An Efficient Mesh-Free Particle Method for Modeling of Free Surface and Multiphase Flows Open Access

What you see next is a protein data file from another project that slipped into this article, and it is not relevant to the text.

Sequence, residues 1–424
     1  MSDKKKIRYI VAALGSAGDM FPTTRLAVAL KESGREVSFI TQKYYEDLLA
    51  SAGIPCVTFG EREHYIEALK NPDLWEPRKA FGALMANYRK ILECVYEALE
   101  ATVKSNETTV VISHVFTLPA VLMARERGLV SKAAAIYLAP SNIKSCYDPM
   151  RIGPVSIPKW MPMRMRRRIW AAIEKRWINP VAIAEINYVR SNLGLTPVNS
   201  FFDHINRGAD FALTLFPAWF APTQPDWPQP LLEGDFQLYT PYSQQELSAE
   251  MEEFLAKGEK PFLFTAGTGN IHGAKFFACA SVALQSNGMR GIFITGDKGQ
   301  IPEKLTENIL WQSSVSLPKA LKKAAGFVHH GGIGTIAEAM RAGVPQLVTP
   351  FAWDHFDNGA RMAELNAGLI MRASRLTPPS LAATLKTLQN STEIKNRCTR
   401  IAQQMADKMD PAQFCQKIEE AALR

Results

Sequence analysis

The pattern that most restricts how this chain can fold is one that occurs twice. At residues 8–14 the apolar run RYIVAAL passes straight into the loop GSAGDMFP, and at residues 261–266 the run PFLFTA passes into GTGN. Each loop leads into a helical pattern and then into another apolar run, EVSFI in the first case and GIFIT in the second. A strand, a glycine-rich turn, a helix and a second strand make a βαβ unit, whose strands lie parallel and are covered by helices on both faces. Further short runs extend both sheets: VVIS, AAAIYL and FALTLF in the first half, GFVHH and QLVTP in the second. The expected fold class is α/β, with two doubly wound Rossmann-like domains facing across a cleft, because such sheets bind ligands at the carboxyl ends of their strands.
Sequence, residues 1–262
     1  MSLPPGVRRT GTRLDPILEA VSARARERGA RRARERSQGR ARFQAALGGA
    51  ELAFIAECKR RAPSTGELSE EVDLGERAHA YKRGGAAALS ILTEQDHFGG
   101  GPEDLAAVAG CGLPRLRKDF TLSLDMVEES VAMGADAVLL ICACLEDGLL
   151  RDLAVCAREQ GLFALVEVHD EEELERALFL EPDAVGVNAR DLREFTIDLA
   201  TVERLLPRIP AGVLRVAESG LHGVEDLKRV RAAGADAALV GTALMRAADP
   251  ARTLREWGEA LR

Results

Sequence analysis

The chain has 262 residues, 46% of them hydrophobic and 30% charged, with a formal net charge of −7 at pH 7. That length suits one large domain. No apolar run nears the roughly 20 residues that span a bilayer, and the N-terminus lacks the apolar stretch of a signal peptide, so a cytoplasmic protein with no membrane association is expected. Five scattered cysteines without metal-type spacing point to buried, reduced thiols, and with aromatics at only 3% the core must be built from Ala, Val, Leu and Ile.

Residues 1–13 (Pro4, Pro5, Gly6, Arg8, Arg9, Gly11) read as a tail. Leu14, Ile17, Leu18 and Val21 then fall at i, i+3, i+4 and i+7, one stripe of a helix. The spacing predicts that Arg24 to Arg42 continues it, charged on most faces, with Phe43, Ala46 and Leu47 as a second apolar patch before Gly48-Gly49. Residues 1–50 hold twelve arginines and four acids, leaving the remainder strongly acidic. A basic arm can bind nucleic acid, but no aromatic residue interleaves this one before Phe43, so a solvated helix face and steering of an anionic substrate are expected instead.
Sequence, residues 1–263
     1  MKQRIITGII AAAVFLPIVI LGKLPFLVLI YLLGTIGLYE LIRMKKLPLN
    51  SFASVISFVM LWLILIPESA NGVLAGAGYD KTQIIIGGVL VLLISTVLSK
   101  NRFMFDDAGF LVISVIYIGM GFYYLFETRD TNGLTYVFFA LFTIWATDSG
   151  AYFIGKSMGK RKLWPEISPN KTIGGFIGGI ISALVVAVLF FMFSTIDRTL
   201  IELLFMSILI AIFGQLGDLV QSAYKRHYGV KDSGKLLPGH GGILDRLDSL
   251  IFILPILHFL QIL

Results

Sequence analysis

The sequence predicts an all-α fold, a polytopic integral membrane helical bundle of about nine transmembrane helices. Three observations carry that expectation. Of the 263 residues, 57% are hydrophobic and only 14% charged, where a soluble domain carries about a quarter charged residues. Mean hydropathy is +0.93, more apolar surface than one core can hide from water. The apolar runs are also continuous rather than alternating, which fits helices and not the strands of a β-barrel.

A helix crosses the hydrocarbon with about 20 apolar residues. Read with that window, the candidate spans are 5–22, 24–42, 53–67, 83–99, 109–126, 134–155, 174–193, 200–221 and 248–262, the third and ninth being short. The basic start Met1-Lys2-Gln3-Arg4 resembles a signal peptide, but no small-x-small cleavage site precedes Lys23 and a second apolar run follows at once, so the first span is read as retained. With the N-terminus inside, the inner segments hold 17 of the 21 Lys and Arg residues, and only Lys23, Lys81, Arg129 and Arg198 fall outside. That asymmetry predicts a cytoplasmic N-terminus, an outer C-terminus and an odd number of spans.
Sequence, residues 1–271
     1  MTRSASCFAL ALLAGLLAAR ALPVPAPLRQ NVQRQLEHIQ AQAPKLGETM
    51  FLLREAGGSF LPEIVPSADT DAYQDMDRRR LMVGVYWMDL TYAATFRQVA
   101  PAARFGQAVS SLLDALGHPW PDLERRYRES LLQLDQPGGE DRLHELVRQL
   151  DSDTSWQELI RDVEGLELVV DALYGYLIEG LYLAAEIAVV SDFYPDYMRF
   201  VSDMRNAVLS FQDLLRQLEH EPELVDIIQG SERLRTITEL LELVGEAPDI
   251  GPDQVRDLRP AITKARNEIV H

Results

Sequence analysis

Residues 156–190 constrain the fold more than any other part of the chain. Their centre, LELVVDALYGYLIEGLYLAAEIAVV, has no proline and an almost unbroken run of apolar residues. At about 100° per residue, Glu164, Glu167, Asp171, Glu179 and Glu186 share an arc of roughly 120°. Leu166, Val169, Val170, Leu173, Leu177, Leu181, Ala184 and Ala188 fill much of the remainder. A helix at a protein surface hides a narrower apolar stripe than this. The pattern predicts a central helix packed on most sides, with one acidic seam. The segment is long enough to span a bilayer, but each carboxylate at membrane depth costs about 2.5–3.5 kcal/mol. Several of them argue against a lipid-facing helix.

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Numerical methods have been used extensively in modeling of free surface flows. These methods are generally classified into two categories; grid methods, and particles methods. In recent years, particle methods are gaining further attentions among numerical model developers for simulation of free surface flows. Computer simulation using particles has the capacity to analyze more complex geometry and physics than grid methods. Particularly, topological deformation of the fluid can be analyzed efficiently by particles, while it is hard and sometimes not possible to fit and move a grid continuously in such domains. Also, convection is directly calculated by the motion of particles without numerical diffusion. In addition, grid generation which recently seems to be used to analyze complex domains is not necessary, eliminating a significant portion of computational time. Although it is necessary to initialize configurations of particles in particle methods, this is much easier than grid generation as there is no need to set up topological relations among the particles. Problems with severe and sharp changes of free water surface can be simulated successfully with numerical methods based on the Lagrangian approach. In this research the development of a numerical method based on the Lagrangian formulation to solve the Navier-Stokes equations is reported. Navier-Stokes equations are the governing equations of the fluids; a set of coupled partial differential equations that describe how the density, pressure, and velocity of a moving fluid are related. The Navier-Stokes equations are solved by the Moving Particle Semi Implicit (MPS) method, a mesh-free particle method. A fractional step method is applied which consists of splitting each time step in two steps. The fluid is represented with particles, and the motion of each particle is calculated based on the interactions with the neighboring particles covered by a kernel function.In general, the contributions of this research can be categorized into three distinct parts:1. Application of the MPS method is shown through the successful simulation of two sample complex free surface flows. Compared to the similar former studies focused on the application of this method, this research implements a newly-introduced kernel function. It is shown that by utilizing this new kernel function the stability of the simulations is significantly enhanced.2. A multiphase MPS method is proposed for incompressible flows. The multiphase system is treated as a multi-density multi-viscosity fluid. A single set of governing equations is solved on the whole computational domain, and high-order accurate density and viscosity schemes are applied to stabilize the fluid pressure and shear stress fields. The proposed method is utilized for modeling of granular flows and sediment transport. 3. An algorithm is introduced to enhance the efficiency of the mesh-free particle methods. This algorithm enables the implementation of sets of particles with different sizes in one computational domain.